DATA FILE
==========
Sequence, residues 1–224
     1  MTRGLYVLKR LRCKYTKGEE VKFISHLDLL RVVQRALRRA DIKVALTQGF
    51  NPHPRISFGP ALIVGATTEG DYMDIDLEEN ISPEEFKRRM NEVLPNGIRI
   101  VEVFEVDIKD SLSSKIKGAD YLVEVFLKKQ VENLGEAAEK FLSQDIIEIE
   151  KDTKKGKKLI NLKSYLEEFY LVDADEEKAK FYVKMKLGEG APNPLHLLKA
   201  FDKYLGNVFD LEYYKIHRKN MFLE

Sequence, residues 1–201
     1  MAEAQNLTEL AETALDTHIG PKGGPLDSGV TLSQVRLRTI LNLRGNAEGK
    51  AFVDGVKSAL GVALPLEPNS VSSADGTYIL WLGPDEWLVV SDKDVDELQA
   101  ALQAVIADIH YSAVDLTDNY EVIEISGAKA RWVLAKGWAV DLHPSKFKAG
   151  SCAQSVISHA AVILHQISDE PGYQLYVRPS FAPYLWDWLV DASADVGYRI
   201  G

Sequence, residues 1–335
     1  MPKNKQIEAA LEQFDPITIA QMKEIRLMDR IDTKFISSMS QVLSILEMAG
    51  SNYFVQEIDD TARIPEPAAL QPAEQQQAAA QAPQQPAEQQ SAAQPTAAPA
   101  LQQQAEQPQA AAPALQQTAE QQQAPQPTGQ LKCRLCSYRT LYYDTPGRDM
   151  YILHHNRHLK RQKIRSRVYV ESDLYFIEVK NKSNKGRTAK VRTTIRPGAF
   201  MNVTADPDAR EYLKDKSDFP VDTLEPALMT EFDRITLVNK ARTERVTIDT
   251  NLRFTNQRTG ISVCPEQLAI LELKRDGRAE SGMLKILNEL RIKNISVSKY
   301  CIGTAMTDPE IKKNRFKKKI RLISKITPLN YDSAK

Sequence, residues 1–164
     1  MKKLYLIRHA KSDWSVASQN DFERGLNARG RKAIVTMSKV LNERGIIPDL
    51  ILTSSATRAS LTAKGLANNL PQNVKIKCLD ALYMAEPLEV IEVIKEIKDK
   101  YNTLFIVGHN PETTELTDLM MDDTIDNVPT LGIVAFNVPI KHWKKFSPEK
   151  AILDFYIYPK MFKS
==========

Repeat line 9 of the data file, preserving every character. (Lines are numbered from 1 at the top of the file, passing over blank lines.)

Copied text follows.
    51  AFVDGVKSAL GVALPLEPNS VSSADGTYIL WLGPDEWLVV SDKDVDELQA